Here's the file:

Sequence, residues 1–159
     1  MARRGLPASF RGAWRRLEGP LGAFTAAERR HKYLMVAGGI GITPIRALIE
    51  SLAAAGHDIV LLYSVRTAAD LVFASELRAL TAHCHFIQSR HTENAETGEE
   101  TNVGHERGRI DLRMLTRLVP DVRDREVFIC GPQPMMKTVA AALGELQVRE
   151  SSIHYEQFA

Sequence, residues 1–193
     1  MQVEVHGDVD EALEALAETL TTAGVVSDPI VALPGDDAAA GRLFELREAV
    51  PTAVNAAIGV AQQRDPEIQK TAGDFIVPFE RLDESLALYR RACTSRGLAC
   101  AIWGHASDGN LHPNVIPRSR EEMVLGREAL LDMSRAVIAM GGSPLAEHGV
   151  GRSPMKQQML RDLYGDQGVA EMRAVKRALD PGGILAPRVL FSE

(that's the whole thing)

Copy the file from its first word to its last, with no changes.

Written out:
Sequence, residues 1–159
     1  MARRGLPASF RGAWRRLEGP LGAFTAAERR HKYLMVAGGI GITPIRALIE
    51  SLAAAGHDIV LLYSVRTAAD LVFASELRAL TAHCHFIQSR HTENAETGEE
   101  TNVGHERGRI DLRMLTRLVP DVRDREVFIC GPQPMMKTVA AALGELQVRE
   151  SSIHYEQFA

Sequence, residues 1–193
     1  MQVEVHGDVD EALEALAETL TTAGVVSDPI VALPGDDAAA GRLFELREAV
    51  PTAVNAAIGV AQQRDPEIQK TAGDFIVPFE RLDESLALYR RACTSRGLAC
   101  AIWGHASDGN LHPNVIPRSR EEMVLGREAL LDMSRAVIAM GGSPLAEHGV
   151  GRSPMKQQML RDLYGDQGVA EMRAVKRALD PGGILAPRVL FSE